Real Baba and Fake Baba
Like fake news, fake baba seems to be the talk of the town. Of late there has been a spike in the number of fake babas. Their arrests and the drama surrounding their arrests made news. However, one point that intrigues me is why do so many people go to these babas? Is there no real baba?
I got an answer from friend Nabaghana.
He says, see nobody likes real Baba. I’ll give you an example. My mother does not like her daughter in law- that’s my wife. She thinks the daughter in law has somehow, probably by weaving black magic has seduced me and therefore I do not listen to her anymore. So she goes to a real Baba. The real Baba advises her to have patience and accept the fact that if the daughter in law is keeping the son happy, let him be happy. My mother is not happy with the answer. So she goes to another Baba, who says, yes- the daughter in law is weaving black magic. And then this Baba offers to do a jagyna and give her a tabiz, of course for a price. Mother is mighty happy and wilfully pays a hefty sum to the Baba. Same thing happen with the daughter in law, who has a complaint against her mother in law that her husband listens to his mother. The real Baba advises her to respect her husband more who respects his mother and also her mother in law who has given his son this kind of sanskar. The fake baba advises her to wear a tabiz to magically reduce the mother-in-law’s influence on her son. The daughter in law willingly does that and pays the fake Baba for the advice and the tabiz.
The reality is we do not want sane, sensible and good advice. We want things by any which means, we want somebody to play along our fantasies and perceptions.
The real Saints will not do that. They will never tell you lies, will never offer instant solutions when there is none. But we want precisely that. Therefore there will always be fake Babas like the ones cooling their heel behind the bar. It is the simple tale of demand and supply.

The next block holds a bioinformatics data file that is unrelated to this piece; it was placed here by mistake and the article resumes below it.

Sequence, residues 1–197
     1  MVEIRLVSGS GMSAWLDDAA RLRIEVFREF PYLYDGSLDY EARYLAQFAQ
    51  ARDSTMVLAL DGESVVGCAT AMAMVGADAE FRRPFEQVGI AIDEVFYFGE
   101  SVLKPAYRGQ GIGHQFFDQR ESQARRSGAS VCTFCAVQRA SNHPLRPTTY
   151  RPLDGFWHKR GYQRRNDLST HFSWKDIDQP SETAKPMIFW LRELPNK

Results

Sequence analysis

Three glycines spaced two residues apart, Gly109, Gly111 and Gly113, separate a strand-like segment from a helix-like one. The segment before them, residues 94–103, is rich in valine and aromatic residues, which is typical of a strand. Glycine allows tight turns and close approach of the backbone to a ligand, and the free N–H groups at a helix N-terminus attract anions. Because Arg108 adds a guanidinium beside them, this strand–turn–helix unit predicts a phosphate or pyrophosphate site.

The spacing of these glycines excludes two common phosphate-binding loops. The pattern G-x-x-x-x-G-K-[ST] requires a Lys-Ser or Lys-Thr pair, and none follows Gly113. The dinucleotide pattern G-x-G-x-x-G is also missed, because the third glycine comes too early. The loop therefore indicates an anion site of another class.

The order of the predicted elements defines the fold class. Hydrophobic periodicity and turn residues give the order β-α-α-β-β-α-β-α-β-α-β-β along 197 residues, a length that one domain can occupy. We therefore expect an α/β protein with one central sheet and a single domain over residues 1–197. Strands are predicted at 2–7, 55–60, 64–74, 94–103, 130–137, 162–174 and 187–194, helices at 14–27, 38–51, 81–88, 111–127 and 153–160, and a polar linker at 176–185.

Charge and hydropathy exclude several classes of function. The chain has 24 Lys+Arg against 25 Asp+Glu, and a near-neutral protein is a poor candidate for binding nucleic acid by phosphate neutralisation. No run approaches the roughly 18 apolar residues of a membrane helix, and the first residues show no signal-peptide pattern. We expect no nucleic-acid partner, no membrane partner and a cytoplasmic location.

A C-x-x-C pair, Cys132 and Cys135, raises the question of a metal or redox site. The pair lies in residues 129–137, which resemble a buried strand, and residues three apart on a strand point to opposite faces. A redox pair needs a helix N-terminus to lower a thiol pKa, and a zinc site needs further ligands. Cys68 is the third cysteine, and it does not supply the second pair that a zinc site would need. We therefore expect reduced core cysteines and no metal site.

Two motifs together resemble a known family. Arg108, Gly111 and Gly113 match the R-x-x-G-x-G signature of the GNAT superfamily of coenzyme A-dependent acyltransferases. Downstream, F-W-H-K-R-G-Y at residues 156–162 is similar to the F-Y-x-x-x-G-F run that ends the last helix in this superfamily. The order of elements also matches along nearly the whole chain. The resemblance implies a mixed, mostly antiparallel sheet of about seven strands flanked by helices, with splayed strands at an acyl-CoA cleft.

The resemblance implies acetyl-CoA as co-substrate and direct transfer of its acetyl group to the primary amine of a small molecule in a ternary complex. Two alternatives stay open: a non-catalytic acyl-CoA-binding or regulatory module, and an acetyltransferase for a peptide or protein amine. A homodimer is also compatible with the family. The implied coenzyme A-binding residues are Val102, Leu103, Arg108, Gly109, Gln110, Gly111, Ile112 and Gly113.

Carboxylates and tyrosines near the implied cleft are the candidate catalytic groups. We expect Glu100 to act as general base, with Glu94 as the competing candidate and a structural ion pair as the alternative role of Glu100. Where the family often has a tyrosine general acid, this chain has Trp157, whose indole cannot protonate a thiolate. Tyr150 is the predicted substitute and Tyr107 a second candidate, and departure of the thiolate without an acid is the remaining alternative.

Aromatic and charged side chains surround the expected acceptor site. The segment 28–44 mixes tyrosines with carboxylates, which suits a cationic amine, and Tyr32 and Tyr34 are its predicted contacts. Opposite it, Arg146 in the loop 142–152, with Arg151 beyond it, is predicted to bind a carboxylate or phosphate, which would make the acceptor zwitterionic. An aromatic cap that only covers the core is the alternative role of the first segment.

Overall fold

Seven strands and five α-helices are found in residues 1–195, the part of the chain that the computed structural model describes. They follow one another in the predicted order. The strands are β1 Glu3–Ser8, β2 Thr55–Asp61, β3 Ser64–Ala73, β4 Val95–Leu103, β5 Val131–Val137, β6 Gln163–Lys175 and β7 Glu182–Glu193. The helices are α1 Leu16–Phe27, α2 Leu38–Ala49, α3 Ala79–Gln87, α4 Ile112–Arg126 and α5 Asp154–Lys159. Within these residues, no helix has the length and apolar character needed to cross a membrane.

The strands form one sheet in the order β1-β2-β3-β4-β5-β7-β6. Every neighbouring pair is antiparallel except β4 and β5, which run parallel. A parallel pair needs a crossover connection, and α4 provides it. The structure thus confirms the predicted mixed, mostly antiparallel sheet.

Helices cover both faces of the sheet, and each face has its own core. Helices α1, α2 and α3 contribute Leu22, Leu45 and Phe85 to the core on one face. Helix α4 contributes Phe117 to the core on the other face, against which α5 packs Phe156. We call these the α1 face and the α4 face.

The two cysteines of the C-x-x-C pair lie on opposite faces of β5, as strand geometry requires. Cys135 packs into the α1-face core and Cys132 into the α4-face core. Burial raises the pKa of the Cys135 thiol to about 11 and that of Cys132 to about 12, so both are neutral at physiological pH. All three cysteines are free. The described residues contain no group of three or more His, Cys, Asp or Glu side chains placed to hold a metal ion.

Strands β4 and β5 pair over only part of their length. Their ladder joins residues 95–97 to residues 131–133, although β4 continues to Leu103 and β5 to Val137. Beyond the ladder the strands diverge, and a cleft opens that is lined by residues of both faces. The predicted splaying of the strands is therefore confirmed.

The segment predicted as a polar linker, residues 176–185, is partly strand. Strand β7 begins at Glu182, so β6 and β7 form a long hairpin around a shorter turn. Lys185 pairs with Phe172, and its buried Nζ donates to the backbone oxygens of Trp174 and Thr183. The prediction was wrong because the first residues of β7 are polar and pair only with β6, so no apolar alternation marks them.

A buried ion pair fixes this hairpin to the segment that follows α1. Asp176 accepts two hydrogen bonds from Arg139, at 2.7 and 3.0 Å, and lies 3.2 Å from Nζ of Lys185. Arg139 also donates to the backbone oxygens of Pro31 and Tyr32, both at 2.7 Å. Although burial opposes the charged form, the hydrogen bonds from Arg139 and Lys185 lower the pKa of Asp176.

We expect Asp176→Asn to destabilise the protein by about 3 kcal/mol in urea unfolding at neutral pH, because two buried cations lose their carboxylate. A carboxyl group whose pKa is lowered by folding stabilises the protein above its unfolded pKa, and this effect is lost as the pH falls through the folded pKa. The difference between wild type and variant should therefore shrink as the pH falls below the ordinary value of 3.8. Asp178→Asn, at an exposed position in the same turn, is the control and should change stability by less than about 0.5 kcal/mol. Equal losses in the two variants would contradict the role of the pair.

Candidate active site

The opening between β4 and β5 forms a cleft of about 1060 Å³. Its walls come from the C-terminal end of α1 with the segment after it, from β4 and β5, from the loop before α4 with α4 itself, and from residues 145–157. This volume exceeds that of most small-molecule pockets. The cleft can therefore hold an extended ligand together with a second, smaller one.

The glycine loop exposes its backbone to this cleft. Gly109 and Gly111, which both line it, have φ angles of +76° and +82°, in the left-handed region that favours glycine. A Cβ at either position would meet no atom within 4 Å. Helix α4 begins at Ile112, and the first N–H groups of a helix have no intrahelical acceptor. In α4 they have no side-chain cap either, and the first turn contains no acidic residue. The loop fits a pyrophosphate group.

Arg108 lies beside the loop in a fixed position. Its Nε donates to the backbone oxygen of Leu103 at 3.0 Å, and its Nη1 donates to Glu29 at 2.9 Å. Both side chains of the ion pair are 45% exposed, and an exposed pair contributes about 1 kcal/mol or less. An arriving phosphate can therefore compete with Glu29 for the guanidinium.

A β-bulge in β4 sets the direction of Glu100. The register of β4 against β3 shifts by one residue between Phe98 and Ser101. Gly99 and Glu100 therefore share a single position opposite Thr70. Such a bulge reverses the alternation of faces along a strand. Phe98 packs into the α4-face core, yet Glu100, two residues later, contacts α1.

The Street Vendors
Puja season is on. After Durga Puja and Dusserah, it is the time for Laxmi Puja and then Diwali. Any social festivity is incomplete without the street food and street vendors selling knick knacks- from balloon to baubles gun, from bamboo flutes to plastic toys, from paper flowers to household items. They set the mood of the fair, add colour and sound to it. Imagine a mela without the street vendors and you miss the ambience.
I often wonder who are these people, moving from fair to fair selling the knickknacks!. How much do they earn? Where do they stay during this period? What do they do, when they do not sell these items? I often hear the sorry tale of the street vendors being harassed by the police and fleeced by the local huligans. Can’t something be done to provide them a safe space where they can do their business and earn their livelihood?
(Photo taken near Rasulgarh Durga Puja Pandal, Bhubaneswar by Ashok Panda)
More than one third of the total 881 TV channel presently operating in India is owned by just 22 companies.
Star India owns 47, while Sun TV Network and Zee Entertainment own 33 and 31 channels respectively.
What are the ramifications of this trend? Will it impact media plurality? Will it somehow impede healthy democracy? Will it tend to control the public mind space, and thus general perception? As general perception shapes democracy, will it accord too much power in the hands of the corporate houses owning/controlling/influencing media?
Uncomfortable questions keep surfacing.
Lady: I want to order a soup.
Waiter: Madam, we have Clear soup & GST soup.
Lady: What is GST soup?
Waiter: It is not clear
Tailpiece2: Numbers stored in Mobile Phone
These days almost everybody carry a mobile phone, many carry multiple number of phones and multiple number of sim cards. As a result the address box of an average person looks real scary. Here is a sample:
Mother in Law Jio
Brother in Law Jio
And the most scary…
(Courtesy: Social Media Post)
A journalist turned media academician Mrinal Chatterjee lives in Dhenkanal, a Central Odisha hilly town. He also writes fiction. [email protected]